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September 14, 2007

Comments

TGGP

There are some issues in which there are really just two sides. Take a falsifiable proposition and ask "Is it true?". There's generally just two possibilities, unless it's a leap-year. Binary differences are fundamental things and some have speculated that this "difference that makes a difference" is the ultimate foundation; an idea phrased as "It from bit".

I agree with you on the bias to see things as two-sided rather than multiple-sided though.

Hopefully Anonymous

I agree there are some issues on which there are really just two sides. For example, in a primate grouping, when an alpha male and a challenger male are battling for supremacy over the group. ;)

But as for "it from bit" theory, I'm heartened to see that in your own site there are multiple variants of criticism and alternatives proposed to it from bit:

http://en.wikipedia.org/wiki/It_from_bit#Criticism

Heartened because it shows the limit that we as a species are constrained thinking a natural approach to decision making is that there are two options (which I do think likely stems from our primate roots).

Robert Lindsay

Hello, my defense of Stalin and Mao are simple and the links can be found here on the Entitled To an Opinion blog. My argument is simple. Stalin saved far more lives than he took. In fact, Czarism was three times more deadly on a per capita basis than the average for the Stalin years. Plus, Stalin set a world record for the fastest doubling of life expectancy in any land. This amazing feat was only broken by Mao in 1976. Therefore, based on those records, I hold that Stalin and Mao were two of the greatest humanitarians that the world has ever known.

There are plenty of ways to kill a man. You can do it with a bullet, work him to death, or you can kill him with hunger and disease. Dead is dead, one way or another. I liken Stalin and Mao to vaccines that, say, kill 50 people every year, but without the vaccine, 1000 would die. Or the death rate of abortions versus childbirth.

Further, the notion of the worst killers of all time is simply insane. Over his time, Stalin killed maybe 4 million. Yet he saved so many lives that at the end, he had saved a net 35 million lives, NET. In contrast, the transition to capitalism with its collapsing life expectancy may have killed up 15 million, NET. I suggest we look at net losses and gains of life when making lists of these "killers". Increase in life expectancy is not a given. Near the end of Stalin's rule, life expectancy was still about 35 in both Albania and China. There are places now that have life expectancy that low.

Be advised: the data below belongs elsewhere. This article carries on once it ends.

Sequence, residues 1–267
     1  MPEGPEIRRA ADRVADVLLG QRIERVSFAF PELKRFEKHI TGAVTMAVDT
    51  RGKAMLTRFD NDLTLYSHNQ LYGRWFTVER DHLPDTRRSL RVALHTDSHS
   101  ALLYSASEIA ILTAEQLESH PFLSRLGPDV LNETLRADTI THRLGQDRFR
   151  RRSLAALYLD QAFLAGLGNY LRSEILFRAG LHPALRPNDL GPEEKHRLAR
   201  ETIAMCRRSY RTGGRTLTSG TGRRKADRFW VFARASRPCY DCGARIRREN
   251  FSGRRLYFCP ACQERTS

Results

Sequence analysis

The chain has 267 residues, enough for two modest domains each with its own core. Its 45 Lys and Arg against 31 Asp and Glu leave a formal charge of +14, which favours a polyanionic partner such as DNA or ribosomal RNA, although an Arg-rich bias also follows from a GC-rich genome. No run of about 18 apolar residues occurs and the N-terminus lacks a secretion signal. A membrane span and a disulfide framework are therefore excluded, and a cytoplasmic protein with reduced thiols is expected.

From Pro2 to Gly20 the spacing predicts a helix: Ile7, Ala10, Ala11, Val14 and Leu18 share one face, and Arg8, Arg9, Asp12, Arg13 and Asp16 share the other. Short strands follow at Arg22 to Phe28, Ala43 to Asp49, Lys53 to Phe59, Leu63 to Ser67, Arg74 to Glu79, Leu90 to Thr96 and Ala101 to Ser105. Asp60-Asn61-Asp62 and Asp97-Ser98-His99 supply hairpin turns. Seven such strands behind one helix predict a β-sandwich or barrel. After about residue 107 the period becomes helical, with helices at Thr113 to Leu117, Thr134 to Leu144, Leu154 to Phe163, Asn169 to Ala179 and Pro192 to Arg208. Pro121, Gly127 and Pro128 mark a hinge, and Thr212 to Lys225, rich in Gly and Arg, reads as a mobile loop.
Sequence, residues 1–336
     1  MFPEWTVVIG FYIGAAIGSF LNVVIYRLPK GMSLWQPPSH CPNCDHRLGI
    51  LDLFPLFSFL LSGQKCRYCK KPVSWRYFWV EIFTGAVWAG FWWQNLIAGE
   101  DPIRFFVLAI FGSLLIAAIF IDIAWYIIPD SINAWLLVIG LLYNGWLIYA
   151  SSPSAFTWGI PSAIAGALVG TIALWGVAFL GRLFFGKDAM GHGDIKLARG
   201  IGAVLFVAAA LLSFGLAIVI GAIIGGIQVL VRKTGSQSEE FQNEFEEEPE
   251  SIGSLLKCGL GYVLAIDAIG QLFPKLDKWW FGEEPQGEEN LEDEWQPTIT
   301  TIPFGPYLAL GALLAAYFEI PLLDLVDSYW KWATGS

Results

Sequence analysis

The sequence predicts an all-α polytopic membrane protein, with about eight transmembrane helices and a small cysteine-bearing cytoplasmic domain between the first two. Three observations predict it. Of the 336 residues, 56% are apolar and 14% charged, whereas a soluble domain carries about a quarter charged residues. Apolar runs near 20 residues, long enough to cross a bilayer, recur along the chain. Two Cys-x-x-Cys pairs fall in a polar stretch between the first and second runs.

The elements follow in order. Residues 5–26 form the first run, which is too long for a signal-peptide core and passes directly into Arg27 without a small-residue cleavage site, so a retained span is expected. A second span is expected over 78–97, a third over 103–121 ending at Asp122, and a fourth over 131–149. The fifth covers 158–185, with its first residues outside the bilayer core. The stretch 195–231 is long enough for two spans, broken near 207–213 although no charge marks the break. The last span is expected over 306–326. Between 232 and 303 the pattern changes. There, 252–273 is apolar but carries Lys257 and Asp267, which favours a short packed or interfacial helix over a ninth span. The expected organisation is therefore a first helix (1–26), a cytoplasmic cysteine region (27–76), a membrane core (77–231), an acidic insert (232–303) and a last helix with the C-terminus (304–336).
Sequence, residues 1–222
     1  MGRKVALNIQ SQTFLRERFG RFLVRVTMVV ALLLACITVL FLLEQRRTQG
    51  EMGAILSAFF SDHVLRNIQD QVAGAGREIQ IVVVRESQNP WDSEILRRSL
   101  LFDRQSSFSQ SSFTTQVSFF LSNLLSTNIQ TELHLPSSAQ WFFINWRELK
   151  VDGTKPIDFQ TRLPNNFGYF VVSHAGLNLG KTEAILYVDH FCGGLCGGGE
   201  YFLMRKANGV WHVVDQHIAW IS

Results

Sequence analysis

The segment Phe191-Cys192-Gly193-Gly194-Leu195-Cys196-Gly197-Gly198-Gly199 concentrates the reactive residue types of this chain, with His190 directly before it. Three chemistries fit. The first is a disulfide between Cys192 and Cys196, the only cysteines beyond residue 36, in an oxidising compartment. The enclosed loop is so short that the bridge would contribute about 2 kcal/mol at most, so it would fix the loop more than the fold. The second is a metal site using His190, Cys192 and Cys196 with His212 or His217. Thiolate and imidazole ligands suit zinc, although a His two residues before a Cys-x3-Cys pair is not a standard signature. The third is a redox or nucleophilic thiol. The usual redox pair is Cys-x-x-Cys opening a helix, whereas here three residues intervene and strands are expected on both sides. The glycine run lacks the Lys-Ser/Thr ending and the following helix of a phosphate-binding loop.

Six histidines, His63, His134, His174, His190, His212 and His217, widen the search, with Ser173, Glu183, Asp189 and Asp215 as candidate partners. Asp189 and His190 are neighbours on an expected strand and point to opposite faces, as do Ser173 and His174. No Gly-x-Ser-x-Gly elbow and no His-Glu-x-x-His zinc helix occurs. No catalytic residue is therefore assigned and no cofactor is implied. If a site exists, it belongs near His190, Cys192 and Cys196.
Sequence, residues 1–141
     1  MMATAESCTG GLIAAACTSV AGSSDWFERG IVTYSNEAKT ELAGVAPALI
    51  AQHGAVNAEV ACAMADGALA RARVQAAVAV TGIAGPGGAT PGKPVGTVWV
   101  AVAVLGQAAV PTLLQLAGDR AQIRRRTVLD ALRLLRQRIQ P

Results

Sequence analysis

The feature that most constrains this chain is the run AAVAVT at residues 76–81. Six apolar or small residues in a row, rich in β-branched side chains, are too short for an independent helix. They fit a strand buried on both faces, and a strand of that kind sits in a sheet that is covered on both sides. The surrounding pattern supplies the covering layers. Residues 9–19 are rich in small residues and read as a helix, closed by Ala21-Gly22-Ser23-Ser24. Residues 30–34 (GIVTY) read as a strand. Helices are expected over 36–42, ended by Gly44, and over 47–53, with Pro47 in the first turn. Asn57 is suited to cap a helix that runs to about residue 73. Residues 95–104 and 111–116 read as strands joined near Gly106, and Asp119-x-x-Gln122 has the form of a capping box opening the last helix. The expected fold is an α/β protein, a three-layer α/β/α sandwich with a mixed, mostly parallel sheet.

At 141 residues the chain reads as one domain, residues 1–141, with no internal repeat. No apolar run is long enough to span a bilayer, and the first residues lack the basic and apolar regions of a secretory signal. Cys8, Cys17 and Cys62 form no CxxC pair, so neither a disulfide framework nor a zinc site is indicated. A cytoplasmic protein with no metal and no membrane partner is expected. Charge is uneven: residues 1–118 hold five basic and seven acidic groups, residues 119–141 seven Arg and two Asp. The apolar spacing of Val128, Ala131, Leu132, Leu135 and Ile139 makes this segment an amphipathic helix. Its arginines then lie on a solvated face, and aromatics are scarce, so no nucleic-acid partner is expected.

Let us look at China and India. They had similar figures in 1949. Since India took the capitalist road over the socialist one, we can compare nations by life expectancy and death rate. India is killing 4 million Indians per year, compared to China. That is the penalty for India not taking the Chinese path to development. Further, 14 million starve to death every year in the world, mostly in South Asia - India, Bangladesh, Pakistan, Nepal, Afghanistan. I do not understand why killing 14 million a year is not chalked up to the worst killers of all, but S and M are? Figuring over time, we can see that compared to China, Indian capitalism has killed about 170 million Indians. And that comparison INCLUDES all of those killed by Mao (maybe 20 million).

I will also argue that there were really no deliberate famines in Ukraine or China. China's famine in 1958 was caused by gross stupidity. The one in the Ukraine had many causes, but deliberate starvation was not really among them.

Stalin's victim toll has been exaggerated. It is really 4 million instead of 20 or 40 or 60 or 120 or however many million.

Mao's looks the same - maybe 20 million as opposed to 40, 60, 80 or however many million.

Indian capitalism kills 4 million a year, minimum. I would argue that replacing it with a killing system that killed a lot less people would be a net good.

I really do not support most of the killing that Stalin and Mao did, but many of those killed by Stalin had taken up arms against the state, or were trying to overthrow the government, so they were not totally innocent. The initial killing of 3 million landlords, not by Mao, but by the outraged peasants themselves, was not a killing of innocents either. Almost of those landlords were serious criminals with a ton of blood on their hands.

Robert Lindsay

Sorry that comment was supposed to go on this post here.


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